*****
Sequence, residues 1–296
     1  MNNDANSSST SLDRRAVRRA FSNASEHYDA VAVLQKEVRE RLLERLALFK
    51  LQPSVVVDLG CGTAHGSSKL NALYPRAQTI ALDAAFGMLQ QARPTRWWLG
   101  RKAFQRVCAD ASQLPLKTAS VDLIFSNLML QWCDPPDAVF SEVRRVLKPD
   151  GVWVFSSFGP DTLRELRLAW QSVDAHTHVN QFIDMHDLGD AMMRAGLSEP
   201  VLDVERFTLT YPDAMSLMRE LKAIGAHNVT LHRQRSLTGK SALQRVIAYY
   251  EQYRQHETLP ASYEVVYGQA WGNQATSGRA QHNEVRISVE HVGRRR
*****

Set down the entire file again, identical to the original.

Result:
Sequence, residues 1–296
     1  MNNDANSSST SLDRRAVRRA FSNASEHYDA VAVLQKEVRE RLLERLALFK
    51  LQPSVVVDLG CGTAHGSSKL NALYPRAQTI ALDAAFGMLQ QARPTRWWLG
   101  RKAFQRVCAD ASQLPLKTAS VDLIFSNLML QWCDPPDAVF SEVRRVLKPD
   151  GVWVFSSFGP DTLRELRLAW QSVDAHTHVN QFIDMHDLGD AMMRAGLSEP
   201  VLDVERFTLT YPDAMSLMRE LKAIGAHNVT LHRQRSLTGK SALQRVIAYY
   251  EQYRQHETLP ASYEVVYGQA WGNQATSGRA QHNEVRISVE HVGRRR